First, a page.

(NASHVILLE, TN) — State Senator Ken Yager (R-Kingston) announced today that two arts grants have been awarded to non-profit organizations in Campbell County from the Tennessee Arts Commission totaling a combined $11,130.  The grants are made possible through an appropriation of state funds by the General Assembly, federal dollars from the National Endowment for the Arts, and by Tennesseans who buy specialty license plates.

Campbell Culture Coalition will receive an $8,700 grant and Postmark LaFollette will receive a $2,430 grant in the category of Rural Arts Project Support.

“I am very pleased these grants have been awarded to Campbell Culture Coalition and Postmark LaFollette,” said Senator Yager.  “Investment in arts and culture offers all of us an enhanced quality of life, provides children with a more complete education, stimulates economic development and helps attract tourists to our communities.  I know these organizations will put the grants to good use and was happy to support their application.”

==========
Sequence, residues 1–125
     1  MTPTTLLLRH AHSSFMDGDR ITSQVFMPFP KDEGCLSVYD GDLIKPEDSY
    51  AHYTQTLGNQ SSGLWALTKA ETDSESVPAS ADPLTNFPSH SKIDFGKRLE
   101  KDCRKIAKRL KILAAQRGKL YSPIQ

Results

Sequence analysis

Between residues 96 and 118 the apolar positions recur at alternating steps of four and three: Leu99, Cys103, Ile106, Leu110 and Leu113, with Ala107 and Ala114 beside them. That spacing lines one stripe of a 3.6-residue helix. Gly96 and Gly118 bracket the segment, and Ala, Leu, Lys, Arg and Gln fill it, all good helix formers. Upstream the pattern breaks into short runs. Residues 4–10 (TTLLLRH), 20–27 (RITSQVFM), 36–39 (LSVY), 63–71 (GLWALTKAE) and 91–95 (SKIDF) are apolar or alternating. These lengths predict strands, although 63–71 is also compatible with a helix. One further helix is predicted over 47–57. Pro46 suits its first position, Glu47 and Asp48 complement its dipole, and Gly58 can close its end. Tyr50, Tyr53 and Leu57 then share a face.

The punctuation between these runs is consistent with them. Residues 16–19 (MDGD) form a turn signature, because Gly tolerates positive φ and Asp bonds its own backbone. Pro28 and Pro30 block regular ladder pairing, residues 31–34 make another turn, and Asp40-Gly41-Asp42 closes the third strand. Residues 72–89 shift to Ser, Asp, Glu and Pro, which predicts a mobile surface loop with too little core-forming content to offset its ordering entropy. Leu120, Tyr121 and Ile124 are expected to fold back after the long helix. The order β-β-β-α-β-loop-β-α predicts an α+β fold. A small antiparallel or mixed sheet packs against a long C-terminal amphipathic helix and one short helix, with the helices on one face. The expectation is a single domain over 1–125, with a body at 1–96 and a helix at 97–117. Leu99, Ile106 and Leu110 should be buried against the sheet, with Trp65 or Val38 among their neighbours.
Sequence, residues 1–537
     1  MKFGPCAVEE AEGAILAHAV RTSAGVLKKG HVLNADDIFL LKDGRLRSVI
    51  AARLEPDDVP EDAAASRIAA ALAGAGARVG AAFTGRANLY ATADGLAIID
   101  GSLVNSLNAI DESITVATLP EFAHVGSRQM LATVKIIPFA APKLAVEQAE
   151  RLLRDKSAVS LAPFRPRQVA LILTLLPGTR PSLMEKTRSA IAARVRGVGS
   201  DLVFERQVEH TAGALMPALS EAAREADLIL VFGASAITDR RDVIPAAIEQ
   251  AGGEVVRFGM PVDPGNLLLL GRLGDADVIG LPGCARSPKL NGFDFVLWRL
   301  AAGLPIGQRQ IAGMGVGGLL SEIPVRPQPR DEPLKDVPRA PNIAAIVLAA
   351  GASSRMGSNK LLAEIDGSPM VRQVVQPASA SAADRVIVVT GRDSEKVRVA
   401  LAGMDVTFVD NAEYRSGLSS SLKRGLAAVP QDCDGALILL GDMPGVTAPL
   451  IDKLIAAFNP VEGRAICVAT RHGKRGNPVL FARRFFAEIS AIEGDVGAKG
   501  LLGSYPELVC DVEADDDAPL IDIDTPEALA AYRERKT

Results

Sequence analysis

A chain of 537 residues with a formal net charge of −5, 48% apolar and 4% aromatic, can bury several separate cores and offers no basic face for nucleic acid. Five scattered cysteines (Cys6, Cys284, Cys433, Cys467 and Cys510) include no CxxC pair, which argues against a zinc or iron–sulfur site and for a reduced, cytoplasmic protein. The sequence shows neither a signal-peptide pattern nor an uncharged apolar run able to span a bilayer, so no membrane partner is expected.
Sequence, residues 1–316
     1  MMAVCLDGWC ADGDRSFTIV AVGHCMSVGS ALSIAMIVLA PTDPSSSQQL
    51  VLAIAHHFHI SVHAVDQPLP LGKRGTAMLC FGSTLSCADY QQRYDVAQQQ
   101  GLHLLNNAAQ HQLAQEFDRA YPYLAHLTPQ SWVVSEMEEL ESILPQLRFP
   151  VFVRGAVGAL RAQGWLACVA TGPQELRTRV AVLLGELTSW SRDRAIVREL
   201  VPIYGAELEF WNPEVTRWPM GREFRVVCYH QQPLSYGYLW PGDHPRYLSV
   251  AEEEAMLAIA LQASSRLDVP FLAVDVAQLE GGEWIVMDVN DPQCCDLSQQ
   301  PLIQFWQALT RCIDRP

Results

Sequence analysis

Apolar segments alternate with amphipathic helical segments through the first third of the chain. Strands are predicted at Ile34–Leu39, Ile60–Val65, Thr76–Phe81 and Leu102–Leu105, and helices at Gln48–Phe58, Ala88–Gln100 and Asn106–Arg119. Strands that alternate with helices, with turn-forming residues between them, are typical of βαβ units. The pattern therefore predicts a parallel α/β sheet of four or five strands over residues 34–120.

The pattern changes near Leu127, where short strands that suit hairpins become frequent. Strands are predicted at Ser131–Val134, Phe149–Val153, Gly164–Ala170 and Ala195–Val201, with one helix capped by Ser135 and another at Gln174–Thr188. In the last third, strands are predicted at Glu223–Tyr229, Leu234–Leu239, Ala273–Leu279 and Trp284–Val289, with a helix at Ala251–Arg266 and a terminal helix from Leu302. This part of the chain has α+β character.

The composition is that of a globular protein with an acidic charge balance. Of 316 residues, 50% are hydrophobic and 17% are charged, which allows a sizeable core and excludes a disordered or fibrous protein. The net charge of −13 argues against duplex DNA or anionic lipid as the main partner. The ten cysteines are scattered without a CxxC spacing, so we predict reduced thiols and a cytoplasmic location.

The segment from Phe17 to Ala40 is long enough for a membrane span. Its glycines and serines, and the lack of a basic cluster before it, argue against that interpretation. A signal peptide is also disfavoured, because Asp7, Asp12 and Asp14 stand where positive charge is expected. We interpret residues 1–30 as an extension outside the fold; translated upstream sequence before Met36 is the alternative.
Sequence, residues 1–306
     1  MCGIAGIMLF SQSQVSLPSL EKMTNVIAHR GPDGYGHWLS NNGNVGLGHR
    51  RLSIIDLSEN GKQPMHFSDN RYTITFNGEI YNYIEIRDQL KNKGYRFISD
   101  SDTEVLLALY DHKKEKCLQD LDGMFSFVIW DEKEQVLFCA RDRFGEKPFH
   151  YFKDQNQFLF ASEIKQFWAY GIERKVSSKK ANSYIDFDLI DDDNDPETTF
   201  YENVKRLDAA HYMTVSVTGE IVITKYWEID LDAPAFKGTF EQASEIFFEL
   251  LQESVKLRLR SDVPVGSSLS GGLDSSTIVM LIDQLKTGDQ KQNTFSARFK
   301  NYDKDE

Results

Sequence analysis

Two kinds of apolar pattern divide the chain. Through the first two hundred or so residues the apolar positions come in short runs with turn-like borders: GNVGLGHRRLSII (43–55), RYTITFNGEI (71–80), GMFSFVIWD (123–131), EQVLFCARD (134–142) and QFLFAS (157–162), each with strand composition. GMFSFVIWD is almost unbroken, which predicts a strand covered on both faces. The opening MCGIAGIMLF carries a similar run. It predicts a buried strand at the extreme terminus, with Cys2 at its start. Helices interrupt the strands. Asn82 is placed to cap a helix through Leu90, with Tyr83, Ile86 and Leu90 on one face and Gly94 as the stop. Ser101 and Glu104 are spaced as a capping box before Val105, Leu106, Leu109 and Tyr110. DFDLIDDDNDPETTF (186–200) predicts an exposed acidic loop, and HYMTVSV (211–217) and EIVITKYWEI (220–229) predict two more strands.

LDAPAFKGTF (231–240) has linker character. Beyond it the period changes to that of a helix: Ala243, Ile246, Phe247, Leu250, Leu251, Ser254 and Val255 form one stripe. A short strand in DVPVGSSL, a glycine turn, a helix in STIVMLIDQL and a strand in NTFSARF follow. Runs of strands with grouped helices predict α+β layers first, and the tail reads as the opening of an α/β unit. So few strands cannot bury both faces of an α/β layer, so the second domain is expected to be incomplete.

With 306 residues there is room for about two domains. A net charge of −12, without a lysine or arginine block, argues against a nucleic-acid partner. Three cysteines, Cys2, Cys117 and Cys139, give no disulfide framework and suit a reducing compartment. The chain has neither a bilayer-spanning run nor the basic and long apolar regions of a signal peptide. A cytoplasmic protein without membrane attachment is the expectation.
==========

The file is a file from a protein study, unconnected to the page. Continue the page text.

The allocation process involves a review by citizen advisory panels made up of Tennesseans with expertise in appropriate disciplines and a final review by the full 15-member Arts Commission. Yager said this is the first series of grants that will be made throughout the 2020 fiscal year.  The Commission will award over 1,000 community grants through the 2019-2020 fiscal year, totaling $6.5 million.

“I hope we will continue to see more arts grant awards in Campbell County,” added Yager.  “I urge local arts organizations and artists to apply for these funds.”

Applications can be found at the Arts Commission’s website at:  http://tnartscommission.org/art-grants/.

“Tennessee is fortunate to have elected leaders who understand the positive impact the arts and culture have on Tennesseans and their communities,” said Anne B. Pope, Executive Director for the Tennessee Arts Commission.  “The arts are a vital tool for attraction and retention of businesses, and help build stronger communities by enhancing the distinctive character of Tennessee places.”

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